Gold edged up on Thursday after tracking oil lower in the previous session, hovering near a four-week high on hopes the Federal Reserve will extend its bullion-friendly stimulus efforts.
Recent weak U.S. economic data suggesting the economic recovery is not yet on a firm footing has helped restore some investor faith in bullion. Gold has fallen about 20 percent this year as rallies in equities hurt its safe-haven appeal.
Gold added $6.10 an ounce to $1,337.84 an ounce by 0638 GMT. It jumped to $1,344.46 on Tuesday, its highest since September 20, after weak U.S. jobs data cemented expectations the Fed will keep its stimulus measures in place until 2014.
Investors await the release of U.S. new home sales at 1400 GMT.
"The mortgage rate has been rising since June and we know jobs data was not as good as expected in September. We want to know how these factors affect home sales," said Joyce Liu, an investment analyst at Phillip Futures.
"If sales fall well below 425,000, the Fed will more likely be in favour of postponing the tapering to next year. I am looking at a major resistance at $1,344 an ounce. If we have data that disappoints, well prices may rise again."
U.S. gold was at $1,338.50 an ounce, up $4.50.
Gold has often tracked shifting expectations as to whether the U.S. central bank would start reining in nearly five years of super-easy dollars, a measure which had sparked fears of inflation and encouraged investors to buy the precious metal.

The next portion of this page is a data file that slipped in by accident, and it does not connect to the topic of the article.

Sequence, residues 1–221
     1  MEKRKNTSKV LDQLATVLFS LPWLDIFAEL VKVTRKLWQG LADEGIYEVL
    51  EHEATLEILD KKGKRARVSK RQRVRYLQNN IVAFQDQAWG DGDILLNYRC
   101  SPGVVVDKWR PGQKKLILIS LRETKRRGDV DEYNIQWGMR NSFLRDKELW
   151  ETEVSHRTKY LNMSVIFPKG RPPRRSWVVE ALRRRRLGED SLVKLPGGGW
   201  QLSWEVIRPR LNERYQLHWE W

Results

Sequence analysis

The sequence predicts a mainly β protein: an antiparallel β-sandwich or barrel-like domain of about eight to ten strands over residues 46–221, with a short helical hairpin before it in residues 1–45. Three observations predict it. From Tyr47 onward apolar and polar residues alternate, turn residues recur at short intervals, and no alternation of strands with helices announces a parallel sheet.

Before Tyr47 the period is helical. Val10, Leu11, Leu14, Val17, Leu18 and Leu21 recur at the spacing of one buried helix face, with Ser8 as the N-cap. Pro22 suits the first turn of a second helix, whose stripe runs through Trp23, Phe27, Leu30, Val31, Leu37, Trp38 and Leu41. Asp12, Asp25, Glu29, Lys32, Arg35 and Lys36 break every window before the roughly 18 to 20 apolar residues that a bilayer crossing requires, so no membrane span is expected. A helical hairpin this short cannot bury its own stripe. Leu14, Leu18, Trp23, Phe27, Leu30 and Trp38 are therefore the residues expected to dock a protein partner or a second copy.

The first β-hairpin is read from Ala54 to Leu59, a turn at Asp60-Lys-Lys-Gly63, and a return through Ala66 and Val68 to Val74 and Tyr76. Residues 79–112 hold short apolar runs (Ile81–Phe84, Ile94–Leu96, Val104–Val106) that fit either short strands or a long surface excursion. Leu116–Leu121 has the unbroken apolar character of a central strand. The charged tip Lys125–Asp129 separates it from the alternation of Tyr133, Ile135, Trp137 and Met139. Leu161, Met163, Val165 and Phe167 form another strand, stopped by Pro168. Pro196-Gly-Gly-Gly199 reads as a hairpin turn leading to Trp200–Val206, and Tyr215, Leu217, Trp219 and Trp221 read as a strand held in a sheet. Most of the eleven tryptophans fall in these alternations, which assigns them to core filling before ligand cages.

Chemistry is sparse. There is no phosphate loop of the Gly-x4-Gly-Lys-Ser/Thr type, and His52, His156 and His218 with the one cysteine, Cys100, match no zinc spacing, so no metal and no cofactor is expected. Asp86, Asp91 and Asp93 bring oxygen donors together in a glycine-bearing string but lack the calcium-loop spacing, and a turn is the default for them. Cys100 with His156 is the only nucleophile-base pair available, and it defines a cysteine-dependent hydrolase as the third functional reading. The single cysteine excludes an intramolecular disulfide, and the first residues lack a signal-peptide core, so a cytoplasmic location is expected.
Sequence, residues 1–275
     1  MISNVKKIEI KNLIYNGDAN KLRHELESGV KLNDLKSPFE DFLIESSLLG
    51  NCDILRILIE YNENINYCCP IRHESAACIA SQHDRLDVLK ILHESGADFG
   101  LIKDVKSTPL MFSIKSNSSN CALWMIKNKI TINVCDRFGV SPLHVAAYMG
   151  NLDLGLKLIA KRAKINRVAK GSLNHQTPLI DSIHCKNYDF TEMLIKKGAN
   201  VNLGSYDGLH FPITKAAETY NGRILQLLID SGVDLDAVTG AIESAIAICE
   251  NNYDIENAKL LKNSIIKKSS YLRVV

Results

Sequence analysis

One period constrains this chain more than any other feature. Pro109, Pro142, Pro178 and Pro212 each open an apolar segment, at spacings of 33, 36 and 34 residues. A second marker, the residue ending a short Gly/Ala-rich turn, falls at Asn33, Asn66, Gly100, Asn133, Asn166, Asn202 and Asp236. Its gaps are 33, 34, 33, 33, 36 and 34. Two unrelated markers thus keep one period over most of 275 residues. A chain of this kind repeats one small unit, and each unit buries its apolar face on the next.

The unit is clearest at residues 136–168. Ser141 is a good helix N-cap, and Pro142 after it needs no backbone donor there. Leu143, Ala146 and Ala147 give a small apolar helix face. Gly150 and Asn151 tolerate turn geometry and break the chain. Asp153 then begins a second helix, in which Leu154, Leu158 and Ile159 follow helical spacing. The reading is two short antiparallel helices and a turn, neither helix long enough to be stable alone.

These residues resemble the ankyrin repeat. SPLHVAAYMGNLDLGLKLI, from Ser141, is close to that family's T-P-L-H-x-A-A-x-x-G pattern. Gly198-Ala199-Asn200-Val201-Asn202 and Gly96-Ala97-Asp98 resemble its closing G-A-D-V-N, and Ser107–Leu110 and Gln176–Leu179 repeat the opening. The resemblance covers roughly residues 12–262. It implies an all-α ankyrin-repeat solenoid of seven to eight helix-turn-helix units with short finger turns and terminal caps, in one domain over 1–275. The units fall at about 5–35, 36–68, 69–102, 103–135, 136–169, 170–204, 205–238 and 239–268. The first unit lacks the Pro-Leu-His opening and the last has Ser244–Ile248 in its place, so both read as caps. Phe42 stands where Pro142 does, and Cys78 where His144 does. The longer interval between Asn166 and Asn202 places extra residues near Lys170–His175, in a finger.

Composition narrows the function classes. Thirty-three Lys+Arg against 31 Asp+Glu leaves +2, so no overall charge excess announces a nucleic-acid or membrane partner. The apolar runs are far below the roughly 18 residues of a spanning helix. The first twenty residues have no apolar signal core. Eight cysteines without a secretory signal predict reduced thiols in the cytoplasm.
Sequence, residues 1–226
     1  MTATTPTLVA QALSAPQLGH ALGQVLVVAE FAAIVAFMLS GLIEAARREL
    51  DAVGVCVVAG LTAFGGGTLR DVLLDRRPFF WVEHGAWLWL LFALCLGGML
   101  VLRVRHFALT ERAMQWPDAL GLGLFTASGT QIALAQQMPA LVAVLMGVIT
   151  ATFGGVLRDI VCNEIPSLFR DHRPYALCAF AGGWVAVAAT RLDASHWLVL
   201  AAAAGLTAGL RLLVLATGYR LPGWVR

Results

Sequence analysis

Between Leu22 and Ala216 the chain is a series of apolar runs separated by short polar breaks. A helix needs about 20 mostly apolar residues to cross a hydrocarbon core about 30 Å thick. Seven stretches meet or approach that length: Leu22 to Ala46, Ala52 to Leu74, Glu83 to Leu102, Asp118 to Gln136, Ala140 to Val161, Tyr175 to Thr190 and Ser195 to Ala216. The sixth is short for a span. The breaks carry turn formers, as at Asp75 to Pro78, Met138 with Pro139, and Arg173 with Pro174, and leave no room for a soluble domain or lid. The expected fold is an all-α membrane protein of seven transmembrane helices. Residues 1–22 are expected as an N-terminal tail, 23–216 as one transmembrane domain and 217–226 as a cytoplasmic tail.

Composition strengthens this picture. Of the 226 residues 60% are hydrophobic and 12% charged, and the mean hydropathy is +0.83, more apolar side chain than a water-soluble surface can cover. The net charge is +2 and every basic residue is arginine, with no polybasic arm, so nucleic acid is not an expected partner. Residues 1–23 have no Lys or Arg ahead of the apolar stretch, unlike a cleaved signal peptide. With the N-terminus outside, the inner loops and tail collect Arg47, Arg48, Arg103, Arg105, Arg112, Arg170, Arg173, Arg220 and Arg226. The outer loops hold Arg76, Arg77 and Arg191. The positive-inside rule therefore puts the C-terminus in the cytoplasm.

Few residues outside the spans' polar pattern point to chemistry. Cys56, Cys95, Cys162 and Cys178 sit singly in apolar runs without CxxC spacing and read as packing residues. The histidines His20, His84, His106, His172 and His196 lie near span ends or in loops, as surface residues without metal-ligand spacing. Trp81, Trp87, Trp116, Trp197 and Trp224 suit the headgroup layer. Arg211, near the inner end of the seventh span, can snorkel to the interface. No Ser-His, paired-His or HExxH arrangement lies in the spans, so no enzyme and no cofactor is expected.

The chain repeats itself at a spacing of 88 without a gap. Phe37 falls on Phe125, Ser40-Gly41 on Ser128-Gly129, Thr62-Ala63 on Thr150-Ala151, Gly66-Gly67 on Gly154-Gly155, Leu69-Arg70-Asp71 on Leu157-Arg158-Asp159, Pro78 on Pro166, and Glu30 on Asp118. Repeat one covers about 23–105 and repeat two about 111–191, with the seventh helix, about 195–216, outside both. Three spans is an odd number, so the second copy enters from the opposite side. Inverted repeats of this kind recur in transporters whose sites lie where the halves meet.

Prices sank to a near three-year low around $1,180 in late June on worries over the Fed's plan to wind down the stimulus, and have been dampened by investment fund selling.
"What is interesting to note though, is that a dovish Fed is not changing the overall outlook for gold prices. This is because the tapering is only delayed," said ABN AMRO in a weekly report. "Sooner or later it will get back on the agenda and influence financial markets again."
Asian shares fell in volatile trade on Thursday and the dollar came under pressure as a further spike in Chinese money-market rates tempered the effect of a survey showing a pick-up in manufacturing.
In the physical market, jewellers who had chased bullion at about $1,310 an ounce disappeared, but dealers expected to sell some gold to top consumer India ahead of the Diwali festival of lights in November.
Premiums in Hong Kong were unchanged from last week at $1.50 to the spot London prices.
"Premiums in India are very high because of limited imports. I would say India is buying but not aggressively," said a dealer in Hong Kong.
A shortage of gold triggered by the government's move to curb imports and control a rising trade deficit has sent premiums in India to more than $100 an ounce over London prices this month.
Gold is an integral part of Indian culture, given as a dowry for marriages, which tend to be timed around auspicious days that are often religious festivals.